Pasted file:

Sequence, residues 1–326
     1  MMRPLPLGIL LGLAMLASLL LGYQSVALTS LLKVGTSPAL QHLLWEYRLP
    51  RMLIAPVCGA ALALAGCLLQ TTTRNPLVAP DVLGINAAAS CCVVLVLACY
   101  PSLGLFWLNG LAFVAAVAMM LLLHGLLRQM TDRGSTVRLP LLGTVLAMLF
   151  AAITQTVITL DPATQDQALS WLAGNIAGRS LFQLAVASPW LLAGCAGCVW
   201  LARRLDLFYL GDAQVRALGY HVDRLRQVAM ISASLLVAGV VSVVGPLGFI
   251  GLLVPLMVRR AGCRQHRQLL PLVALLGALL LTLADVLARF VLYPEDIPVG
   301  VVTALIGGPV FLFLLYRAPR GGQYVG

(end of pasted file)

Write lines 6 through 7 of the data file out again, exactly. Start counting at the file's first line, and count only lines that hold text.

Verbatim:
   201  LARRLDLFYL GDAQVRALGY HVDRLRQVAM ISASLLVAGV VSVVGPLGFI
   251  GLLVPLMVRR AGCRQHRQLL PLVALLGALL LTLADVLARF VLYPEDIPVG